Last night, a friend and I briefly talked about procrastination.
My friend was getting overwhelmed with work again, and she said it’s because she got so used to cramming as a kid that she never outgrew the habit. Procrastination worked for her. She procrastinated her way through college, and she still graduated with honors plus some impressive extra-curricular achievements.
I crammed a lot too, although I didn’t graduate with medals. Fortunately, I think I was able to temper the habit even by just a tiny bit over the years.
When I was still a student in Pinas, I could afford to procrastinate because I never suffered any serious repercussions for not studying ahead of time. My grades weren’t stellar but I never failed a class. Sometimes luck was a huge factor too. A cancelled quiz, an extended due date, a postponed exam — deadlines almost always worked in my favor.
I started managing my time better only after I decided to pursue a career in STEM. Cramming an essay was nothing like studying for a calculus midterm — at least not for me. My mind was too slow for math, so I needed more time to understand a lesson, work on problem sets, and prepare for exams.
I still procrastinated but I was no longer a full-time loafer. Even now that I’m already working, I still actively try to stay on top of my tasks and track my deadlines. I have also reached a point in which I get frustrated whenever others don’t do the same.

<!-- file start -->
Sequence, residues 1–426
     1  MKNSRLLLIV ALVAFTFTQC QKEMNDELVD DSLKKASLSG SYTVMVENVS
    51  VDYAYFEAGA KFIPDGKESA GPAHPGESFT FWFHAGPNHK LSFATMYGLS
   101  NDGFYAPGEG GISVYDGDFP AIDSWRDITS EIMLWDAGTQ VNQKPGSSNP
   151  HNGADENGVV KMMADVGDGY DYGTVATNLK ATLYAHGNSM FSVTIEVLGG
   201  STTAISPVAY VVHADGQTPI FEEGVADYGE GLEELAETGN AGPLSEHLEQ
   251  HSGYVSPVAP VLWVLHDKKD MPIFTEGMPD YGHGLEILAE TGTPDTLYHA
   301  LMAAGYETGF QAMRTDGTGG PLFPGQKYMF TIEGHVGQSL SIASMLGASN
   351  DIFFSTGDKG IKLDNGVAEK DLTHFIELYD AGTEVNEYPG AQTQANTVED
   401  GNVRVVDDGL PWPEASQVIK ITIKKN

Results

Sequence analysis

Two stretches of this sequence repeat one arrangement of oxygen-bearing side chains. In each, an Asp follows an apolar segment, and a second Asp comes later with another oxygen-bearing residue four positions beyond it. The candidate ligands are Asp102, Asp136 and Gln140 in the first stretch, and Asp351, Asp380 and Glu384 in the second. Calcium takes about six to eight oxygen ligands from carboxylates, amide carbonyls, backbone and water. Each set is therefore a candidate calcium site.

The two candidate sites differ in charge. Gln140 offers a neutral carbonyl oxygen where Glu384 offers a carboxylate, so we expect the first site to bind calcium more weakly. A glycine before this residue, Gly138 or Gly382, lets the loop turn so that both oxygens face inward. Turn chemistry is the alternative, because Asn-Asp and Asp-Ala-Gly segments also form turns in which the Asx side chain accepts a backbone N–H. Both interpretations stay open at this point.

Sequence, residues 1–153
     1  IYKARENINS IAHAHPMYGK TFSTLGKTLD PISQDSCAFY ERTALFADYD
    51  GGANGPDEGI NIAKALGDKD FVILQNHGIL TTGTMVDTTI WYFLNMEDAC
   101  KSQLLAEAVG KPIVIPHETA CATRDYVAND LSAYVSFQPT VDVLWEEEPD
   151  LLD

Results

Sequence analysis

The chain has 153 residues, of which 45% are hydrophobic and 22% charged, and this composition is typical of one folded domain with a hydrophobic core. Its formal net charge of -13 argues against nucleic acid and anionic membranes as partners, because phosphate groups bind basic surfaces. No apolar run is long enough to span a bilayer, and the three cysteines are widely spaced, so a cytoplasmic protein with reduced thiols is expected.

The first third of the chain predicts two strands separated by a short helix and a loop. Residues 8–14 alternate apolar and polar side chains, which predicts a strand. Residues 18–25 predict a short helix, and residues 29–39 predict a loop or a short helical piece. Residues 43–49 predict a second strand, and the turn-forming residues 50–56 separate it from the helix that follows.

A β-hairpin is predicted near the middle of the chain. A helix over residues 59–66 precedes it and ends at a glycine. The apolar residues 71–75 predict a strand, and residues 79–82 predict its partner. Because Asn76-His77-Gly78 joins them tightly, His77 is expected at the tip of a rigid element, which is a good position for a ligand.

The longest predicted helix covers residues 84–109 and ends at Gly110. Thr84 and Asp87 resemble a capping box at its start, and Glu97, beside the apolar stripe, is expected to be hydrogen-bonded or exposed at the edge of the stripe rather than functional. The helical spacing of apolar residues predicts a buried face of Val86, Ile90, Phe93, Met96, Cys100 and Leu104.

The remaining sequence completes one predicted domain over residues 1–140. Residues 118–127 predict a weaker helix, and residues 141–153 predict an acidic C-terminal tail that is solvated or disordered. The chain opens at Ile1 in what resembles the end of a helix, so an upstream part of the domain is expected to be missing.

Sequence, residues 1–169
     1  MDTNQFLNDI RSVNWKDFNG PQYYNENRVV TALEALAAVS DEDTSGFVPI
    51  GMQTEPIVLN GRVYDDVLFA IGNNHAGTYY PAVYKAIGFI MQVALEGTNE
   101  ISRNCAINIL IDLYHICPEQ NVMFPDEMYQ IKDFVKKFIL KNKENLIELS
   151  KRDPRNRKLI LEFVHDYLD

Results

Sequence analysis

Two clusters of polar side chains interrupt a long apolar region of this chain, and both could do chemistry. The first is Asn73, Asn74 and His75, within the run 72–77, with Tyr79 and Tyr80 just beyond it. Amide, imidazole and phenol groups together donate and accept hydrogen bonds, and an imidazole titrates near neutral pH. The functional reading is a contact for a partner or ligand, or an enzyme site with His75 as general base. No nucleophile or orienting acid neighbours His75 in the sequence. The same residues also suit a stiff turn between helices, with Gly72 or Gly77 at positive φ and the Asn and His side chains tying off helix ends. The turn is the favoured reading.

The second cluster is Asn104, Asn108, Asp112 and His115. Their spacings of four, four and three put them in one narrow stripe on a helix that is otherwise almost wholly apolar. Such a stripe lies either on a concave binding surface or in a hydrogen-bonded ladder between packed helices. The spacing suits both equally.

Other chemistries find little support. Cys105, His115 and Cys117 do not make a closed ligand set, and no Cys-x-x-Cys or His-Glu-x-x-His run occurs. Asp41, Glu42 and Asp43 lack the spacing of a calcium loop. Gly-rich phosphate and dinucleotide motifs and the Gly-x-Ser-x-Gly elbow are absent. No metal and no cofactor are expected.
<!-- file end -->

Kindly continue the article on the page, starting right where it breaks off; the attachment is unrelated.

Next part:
Today, for instance, our team had a check-up meeting about one of our projects — let’s call it the Ninja Report. I was tasked to write the Ninja Report and I submitted it to a teammate for review last Thursday. A few minutes before today’s meeting — and the meeting was at 4:30 pm — my teammate got back to me with a list of errors she found on my report.
I’ll fix it, I told her, then we both joined the team call. During the meeting, I found that the Ninja Report was due tonight at midnight. The boss asked how long it would take me to fix the errors, and I was too rattled to tell them that, wait, I literally just got the feedback! So now I have to work overtime? And now you all think I’m dumb and lazy for not finishing this earlier?
Nakakaurat! I understand everyone’s busy, and my teammate probably assumed my Ninja Report was already seamless so she didn’t prioritize it. To be fair, I could have caught the errors myself if the QA code they gave me wasn’t buggy as fuck. I also told them about the bugs last week but, again, they didn’t have the time to investigate until today. Hayyy.
Anyway, I was able to fix the errors and I submitted it again a couple hours after the meeting. I was a ball of anxiety during that two-hour span. What if more errors come up? What if we don’t submit this shit on time? Juskulord. I already listed on a different notebook the lessons I learned from this experience — never again, man. Cramming hurts us more in the long run.